MTCX. J.A. at 48 (Raney Mem. to Owens). Then Owens again contacted Whisman, and she forwarded Owens's letter to Brandon Maloney, assistant director of classification. J.A. at 41 (Whisman Letter to Owens, Mar. 6, 2003). On March 12, 2003, Maloney sent Owens a letter acknowledging and then denying his transfer request. J.A. at 51 (Maloney Letter to Owens). Maloney suggested that Owens contact Raymond Goodgine, a classification coordinator at NWCC, about his reclassification hearing, but stated that Maloney's office would take no action unless the classification coordinator or his staff recommended a transfer. Id. On April 15, 2003, pursuant to Goodgine's advice, Owens wrote a letter to Keeling requesting to be transferred back to MTCX because he had completed his counseling at NWCX. J.A. at 49 (Owens Letter to Keeling). Keeling did not respond. On August 8, 2003, Owens wrote to Tony Parker, then warden of NWCC and NWCX, regarding a transfer back to MTCX. J.A. at 61 (Owens Letter to Parker). Parker forwarded this letter to Goodgine. J.A. at 63 (Goodgine Mem. to Owens). On August 18, 2003, Owens wrote to Howard Cook, TDOC commissioner of operations, regarding a transfer. See J.A. at 62 (Owens Letter to Cook). On August 20, 2003, Goodgine responded to Owens's letter to Parker by explaining that he contacted Keeling regarding Owens's transfer back to MTCX. J.A. at 63 (Goodgine Mem. to Owens). Goodgine included Keeling's response: " 'We sent subject there for mental health program at his request for treatment. We did not tell him he could come back after treatment. Per the Parole Board, he is to continue in current treatment and they will see him again 12/2004.' " Id. Goodgine concluded: "I sincerely hope this will reinforce the many times I have told you that if MTCX wanted you, they would send a request. By virtue of this letter, I consider this a finalized issue." Id. (emphasis added).
On June 9, 2003, Owens filed his first complaint in the United States District Court for the Middle District of Tennessee (Docket No. 3:03-cv-00516) alleging violations of his constitutional rights by TDOC officials, which the district court dismissed without prejudice for failure to exhaust. On June 26, 2003, Owens filed a motion for relief from judgment, as well as a supporting brief and documentation. The district judge acknowledged that the documentation attached to Owens's motion "show[ed] that he had fully exhausted his administrative remedies prior to the filing of this action," but denied the motion because "[a] prisoner plaintiff is not allowed to amend his complaint to avoid a sua sponte dismissal." Appellant Br. Ex. B (July 9, 2003 Order).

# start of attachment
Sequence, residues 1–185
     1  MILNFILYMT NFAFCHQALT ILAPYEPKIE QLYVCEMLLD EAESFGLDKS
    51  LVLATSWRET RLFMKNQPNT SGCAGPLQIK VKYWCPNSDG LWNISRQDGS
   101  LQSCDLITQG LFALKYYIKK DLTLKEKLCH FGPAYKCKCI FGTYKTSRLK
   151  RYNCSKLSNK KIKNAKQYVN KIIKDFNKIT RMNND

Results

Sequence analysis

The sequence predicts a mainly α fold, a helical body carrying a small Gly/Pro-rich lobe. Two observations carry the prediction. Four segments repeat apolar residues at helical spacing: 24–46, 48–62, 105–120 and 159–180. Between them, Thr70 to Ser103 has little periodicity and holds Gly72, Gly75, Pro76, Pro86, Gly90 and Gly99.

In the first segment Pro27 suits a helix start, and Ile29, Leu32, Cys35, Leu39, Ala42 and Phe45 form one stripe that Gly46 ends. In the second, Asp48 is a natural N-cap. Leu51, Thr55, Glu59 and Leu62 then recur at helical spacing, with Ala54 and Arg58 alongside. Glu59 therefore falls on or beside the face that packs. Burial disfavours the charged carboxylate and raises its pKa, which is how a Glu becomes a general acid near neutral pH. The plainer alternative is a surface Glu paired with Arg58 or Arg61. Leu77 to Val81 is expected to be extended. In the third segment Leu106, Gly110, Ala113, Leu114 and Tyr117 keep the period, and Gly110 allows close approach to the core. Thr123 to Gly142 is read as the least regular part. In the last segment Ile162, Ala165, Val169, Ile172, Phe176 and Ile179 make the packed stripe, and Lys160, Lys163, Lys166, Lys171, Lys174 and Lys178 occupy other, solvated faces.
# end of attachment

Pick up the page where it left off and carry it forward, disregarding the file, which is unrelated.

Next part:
On August 22, 2003, Owens applied to proceed in forma pauperis in another action (Docket No. 3:03-mc-00085) against the same defendants. This matter was assigned to the same district judge, who denied Owens's application the day it was filed. Owens filed a motion to vacate the judgment denying his application. Owens then moved the district court to stay this motion pending the appeal he filed on October 22, 2003.
On September 25, 2003, Owens filed a third complaint (Docket No. 3:03-cv-00893) raising the same or similar claims. J.A. at 6-22 (Form Compl. at 1-5, Compl. at 2-13). The same district judge once again dismissed the complaint without prejudice for failure to exhaust and denied Owens certification to proceed in forma pauperis on appeal under 28 U.S.C. § 1915(a)(3) because "an appeal from the judgment ... would not be taken in good faith." J.A. at 71 (Oct. 8, 2003 Order). Owens then timely appealed the October 8, 2003 judgment dismissing his complaint,
and that appeal is presently before us. J.A. at 78-79 (Notice of Appeal at 1-2).
A. Standard of Review
We review de novo a district court's dismissal of a prisoner's suit for failure to exhaust administrative remedies under the PLRA, 42 U.S.C. § 1997e(a). Burton v. Jones, 321 F.3d 569, 573 (6th Cir.2003); Curry v. Scott, 249 F.3d 493, 503 (6th Cir.2001).
Although the PLRA's exhaustion requirement is "a necessary prerequisite to filing prisoner claims in federal court" rather than "jurisdictional," Wyatt v. Leonard, 193 F.3d 876, 879 (6th Cir.1999), we have directed that district courts can no longer waive the exhaustion requirement, see Brown v. Toombs, 139 F.3d 1102, 1104 (6th Cir.1998). The prisoner bears the burden of demonstrating that he administratively exhausted his claim, either by attaching documentation of the relevant administrative decisions or by detailing the process followed and the outcome in the complaint. 1 Knuckles El v. Toombs, 215 F.3d 640, 642 (6th Cir.2000). We have held that the PLRA does not require "total exhaustion," and have instead adopted a rule of "partial exhaustion"--that is, when a prisoner files a civil-rights complaint...